At 4 years old, most kids are asking about toys, maybe a bit more time on their tablets, or demanding to hear "Baby Shark" just one more time. But for Kishanna Heyward's 4-year-old daughter, she was curious about the world of finance — specifically credit. The young girl's curiosity inspired the North Carolina mother to create coloring books about credit for her daughter and other kids to understand a life skill even many grown-ups still are trying to figure out.
"I instantly went into teacher mode," Heyward, a former 5th grade teacher, tells Romper about what inspired her to create the coloring books after her daughter asked her what exactly credit was. "After an unsuccessful search [on the internet for useful resources], I decided to create a coloring book that kids would understand."
In 2020, Heyward, who owns a real estate investment company in Fayetteville, published Credit is King, Kareem and Credit is Queen, Charlene, activity books that teach children "how to use credit responsibly and learn how to create generational wealth," according to the books' description. The coloring books include fun, educational activities such as a multiplication search, a credit maze, and reflection questions about credit. You'll also find references about the three main credit bureaus — Experian, Equifax, and TransUnion — as well as scenarios about FICO scores.
"The books allow [parents] to effectively talk about finances and credit in a way that their kids can understand," Heyward says.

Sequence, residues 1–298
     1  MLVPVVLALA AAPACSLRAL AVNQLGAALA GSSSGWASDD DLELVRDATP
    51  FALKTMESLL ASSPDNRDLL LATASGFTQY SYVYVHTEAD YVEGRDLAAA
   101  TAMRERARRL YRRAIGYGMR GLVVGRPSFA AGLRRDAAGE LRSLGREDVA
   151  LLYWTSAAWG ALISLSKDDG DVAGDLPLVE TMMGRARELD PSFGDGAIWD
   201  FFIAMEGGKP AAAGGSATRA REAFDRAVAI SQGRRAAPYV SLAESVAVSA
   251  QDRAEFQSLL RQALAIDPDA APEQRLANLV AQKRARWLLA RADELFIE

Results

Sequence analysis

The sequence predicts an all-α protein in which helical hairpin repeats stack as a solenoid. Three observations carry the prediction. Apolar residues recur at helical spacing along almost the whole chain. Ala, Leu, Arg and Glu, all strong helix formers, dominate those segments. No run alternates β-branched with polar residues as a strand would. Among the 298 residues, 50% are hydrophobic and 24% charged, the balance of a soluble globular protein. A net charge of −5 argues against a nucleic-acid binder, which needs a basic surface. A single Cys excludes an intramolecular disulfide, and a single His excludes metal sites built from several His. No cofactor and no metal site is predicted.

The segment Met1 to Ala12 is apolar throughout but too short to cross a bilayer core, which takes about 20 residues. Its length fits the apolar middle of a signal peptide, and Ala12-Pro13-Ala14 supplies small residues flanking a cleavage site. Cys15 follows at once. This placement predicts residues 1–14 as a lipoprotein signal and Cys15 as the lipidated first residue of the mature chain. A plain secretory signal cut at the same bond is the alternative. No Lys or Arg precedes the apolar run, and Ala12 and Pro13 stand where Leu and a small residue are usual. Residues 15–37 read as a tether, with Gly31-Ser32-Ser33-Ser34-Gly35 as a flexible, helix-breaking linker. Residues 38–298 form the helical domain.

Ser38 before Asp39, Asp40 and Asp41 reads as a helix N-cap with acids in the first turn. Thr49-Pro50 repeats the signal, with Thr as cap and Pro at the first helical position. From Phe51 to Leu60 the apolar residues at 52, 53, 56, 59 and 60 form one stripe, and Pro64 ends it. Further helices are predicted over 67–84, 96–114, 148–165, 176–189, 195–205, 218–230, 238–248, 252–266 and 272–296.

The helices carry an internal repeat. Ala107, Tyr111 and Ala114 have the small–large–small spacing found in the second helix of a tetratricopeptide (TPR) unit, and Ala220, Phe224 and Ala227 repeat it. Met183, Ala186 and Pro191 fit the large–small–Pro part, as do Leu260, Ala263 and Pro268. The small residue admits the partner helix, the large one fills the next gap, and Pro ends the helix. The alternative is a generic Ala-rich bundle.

The coloring books also come with useful information for parents. "It was also very important to me to include a guide in the back of the book so parents can become subject matter experts," Heyward says. "I wanted every flick of the page to be a teachable moment for both parent and child."
Talking to kids about financial literacy is a little like the "birds and the bees" — it's a conversation that shouldn't be avoided and needs to be had, sooner rather than later. With that in mind, Heyward started introducing the concept of money to her daughter at the age of 3. Together they would play with her toy cash register. "I believe when you know better, you do better," Heyward says. "Exposing kids to financial literacy can help them build a solid foundation to avoid financial pitfalls later as an adult."
Right now, Heyward says she's currently teaching her daughter about credit and "how it can be used to create assets." And beyond these coloring books, her future plans include creating more kid-friendly resources on financial education to help both children and teens "become more financially literate."
You can purchase Heyward's 50-page coloring books on Amazon for $10.99.